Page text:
Lubarsky, Adele Principal 220 Edgar Hooks School 130,524.94
Ramirez, Emilio Patrolman Police Department 130,435.94
Wilcox, Richard J Lieutenant Fire Department Fire Department 129,511.67
Nee, Michaela Sergeant Police Department 129,262.60
Tiro, Anthony J Lieutenant Fire Department Fire Department 127,929.36
Lee, Michael W Captain Fire Department Fire Department 127,554.60
Gobin, Rony R Captain Fire Department Fire Department 126,838.72
Rogers, Philip R Captain Fire Department Fire Department 126,715.84
Rosenberg, Cindy D Director/Sped Special Education Office 126,704.50
Bower, John C Lieutenant Police Department Police Department 126,621.69
Lam,Longt Patrolman Police Department 126,017.51
Torres, Jose Firefighter Fire Department 126,016.67
Grajal, Randy A Teacher Edgar Hooks School 125,460.58
O’Brien, Joanne M Patrolman Police Department 122.517.49
Bellomo, Richard R Patrolman Police Department 122,434.05
Barber. Linda Assistant Principal 220 Days Chelsea High School 122,340.06
Andreottola, Miguel Director- Admin Union Information Technology 122,263.17
Martinello, Michelle Principal 220 Eugene Wright School 121,300.01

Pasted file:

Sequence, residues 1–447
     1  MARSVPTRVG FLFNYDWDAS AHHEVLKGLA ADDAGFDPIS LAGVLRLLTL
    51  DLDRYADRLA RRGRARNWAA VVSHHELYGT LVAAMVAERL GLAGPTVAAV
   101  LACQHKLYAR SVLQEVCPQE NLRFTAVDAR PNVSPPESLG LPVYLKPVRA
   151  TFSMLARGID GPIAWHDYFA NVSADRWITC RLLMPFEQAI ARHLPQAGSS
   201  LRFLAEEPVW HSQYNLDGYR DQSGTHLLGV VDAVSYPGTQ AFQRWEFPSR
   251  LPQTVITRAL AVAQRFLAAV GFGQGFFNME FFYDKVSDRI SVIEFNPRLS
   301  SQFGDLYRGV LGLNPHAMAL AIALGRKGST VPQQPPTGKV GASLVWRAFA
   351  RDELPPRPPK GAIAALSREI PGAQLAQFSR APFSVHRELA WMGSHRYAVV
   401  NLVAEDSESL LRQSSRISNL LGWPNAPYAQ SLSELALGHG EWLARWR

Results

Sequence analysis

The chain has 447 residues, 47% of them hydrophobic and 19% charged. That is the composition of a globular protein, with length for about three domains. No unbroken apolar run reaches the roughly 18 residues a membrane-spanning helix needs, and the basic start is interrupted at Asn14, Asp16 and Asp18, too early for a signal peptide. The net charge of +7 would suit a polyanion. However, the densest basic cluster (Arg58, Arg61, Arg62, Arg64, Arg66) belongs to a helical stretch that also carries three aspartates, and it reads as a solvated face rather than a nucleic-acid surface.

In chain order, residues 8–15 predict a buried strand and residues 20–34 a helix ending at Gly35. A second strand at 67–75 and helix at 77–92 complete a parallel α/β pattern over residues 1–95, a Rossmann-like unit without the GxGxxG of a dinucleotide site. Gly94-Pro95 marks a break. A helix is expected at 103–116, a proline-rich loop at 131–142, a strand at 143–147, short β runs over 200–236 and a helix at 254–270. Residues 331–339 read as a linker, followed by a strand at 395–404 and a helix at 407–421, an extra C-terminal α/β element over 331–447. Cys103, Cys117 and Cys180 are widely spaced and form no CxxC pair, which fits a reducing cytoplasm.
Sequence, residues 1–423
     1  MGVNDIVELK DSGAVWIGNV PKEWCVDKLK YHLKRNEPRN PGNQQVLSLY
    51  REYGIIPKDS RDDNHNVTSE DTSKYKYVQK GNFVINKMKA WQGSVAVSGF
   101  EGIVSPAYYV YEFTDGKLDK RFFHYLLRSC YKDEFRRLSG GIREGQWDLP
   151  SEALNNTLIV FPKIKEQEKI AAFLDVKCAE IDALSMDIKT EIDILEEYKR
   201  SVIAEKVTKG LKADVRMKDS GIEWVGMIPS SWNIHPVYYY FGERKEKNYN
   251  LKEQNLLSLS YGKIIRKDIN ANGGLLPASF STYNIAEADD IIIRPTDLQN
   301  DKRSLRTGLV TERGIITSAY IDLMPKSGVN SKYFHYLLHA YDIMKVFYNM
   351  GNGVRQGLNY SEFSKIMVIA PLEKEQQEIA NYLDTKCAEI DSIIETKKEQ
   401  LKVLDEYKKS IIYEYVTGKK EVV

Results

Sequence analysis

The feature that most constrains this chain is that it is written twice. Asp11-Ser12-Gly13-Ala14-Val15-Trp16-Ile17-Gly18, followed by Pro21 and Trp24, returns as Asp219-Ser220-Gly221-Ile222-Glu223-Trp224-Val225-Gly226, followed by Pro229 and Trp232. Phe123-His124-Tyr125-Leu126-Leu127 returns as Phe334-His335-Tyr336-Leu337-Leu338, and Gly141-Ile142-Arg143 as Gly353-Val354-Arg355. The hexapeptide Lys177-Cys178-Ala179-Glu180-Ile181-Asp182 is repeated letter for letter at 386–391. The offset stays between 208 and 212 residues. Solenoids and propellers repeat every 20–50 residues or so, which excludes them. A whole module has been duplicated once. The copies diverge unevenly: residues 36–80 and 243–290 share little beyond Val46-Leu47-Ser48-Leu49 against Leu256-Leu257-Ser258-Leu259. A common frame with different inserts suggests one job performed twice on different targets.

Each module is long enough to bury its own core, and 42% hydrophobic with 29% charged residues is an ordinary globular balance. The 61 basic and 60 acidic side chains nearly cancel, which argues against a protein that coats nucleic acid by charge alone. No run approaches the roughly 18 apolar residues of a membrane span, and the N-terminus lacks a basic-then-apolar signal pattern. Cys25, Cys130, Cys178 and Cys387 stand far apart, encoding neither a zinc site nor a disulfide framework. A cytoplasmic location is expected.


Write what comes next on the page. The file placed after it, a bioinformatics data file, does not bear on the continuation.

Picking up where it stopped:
Schmidt, Ronald L Assistant Principal 220 Days Chelsea High School 120,863.05
Bevere, Joseph Sergeant Police Department 120,723.24
DeleiDi, Adam M Principal 220 William A Berkowitz School 119,725.05
Sanchez-Gleason, Magdalena Principal 220 George Kelly School 119,725.05
Chung, Starn Patrolman Police Department 119,622.05
Fisher, Cheryl W City Solicitor Law Department 118,212.79
Kent, Sarah A Assistant Super 220 Superintendent’s Office 118,180.01
Casucci, Augustus M Patrolman Police Department 118,042.21
Talbot, Michael Principal 220 Clark Avenue School 117,799.89
Noone, Michael J Patrolman Police Department 117,652.42
Sanchez, Miguel Lieutenant Police Department Police Department 117,208.79
Crowley, Kevin M Lieutenant Fire Department Fire Department 116,736.44
Griffin, Robert E Lieutenant Police Department Police Department 116,607.77
Perisie, Rjchard Captain Fire Department Fire Department 116,068.89
Almquist-Cevallos, Kristen L Assistant Principal 220 Days Chelsea High School 115,766.02
Cooney, Joseph F Director Of Buildings & Grounds Buildings & Grounds 115,378.83
Maldonado, Jonathan Patrolman Police Department 114,386.68
Valdes, Reinaldo Firefighter Fire Department 113,953.54
Dent, Sarah E Assistant Principal 220 Days Chelsea High School 113,563.97
Rodriguez, Luis R Patrolman Police Department 113,325.68
Vazquez, Sylvia E Teacher George Kelly School 113,032.18
Ostler, Ryan P Patrolman Police Department 112,945.35
Glass, Carter R Lieutenant Fire Department Fire Department 112,886.11
Conlon, Joseph Lieutenant Fire Department Fire Department 112,711.04
Stutto, Joseph C Patrolman Police Department 112,582.33